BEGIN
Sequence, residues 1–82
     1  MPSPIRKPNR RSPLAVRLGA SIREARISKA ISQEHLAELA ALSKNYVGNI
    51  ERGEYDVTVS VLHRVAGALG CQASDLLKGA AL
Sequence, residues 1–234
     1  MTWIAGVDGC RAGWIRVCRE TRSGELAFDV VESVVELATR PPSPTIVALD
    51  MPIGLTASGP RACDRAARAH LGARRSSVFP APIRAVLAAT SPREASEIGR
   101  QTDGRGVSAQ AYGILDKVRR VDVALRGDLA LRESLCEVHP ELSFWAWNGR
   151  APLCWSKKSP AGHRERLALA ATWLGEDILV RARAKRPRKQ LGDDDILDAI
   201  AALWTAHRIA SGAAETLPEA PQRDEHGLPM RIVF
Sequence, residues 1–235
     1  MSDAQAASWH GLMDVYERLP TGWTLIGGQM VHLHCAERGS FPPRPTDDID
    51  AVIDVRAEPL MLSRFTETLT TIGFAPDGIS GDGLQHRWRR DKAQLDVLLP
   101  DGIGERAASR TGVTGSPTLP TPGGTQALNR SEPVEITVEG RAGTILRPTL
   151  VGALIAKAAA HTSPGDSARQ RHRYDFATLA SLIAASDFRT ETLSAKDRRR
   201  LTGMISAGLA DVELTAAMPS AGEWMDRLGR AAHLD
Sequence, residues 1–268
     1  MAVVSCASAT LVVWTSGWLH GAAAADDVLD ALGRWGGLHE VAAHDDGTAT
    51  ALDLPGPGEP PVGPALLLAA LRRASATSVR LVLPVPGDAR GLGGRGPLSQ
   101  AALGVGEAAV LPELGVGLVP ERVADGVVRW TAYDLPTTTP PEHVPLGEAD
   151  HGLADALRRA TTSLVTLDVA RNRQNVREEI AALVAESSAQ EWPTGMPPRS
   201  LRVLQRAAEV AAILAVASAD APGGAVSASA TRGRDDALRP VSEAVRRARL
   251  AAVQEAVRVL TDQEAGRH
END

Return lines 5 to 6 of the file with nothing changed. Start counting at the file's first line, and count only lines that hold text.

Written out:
     1  MTWIAGVDGC RAGWIRVCRE TRSGELAFDV VESVVELATR PPSPTIVALD
    51  MPIGLTASGP RACDRAARAH LGARRSSVFP APIRAVLAAT SPREASEIGR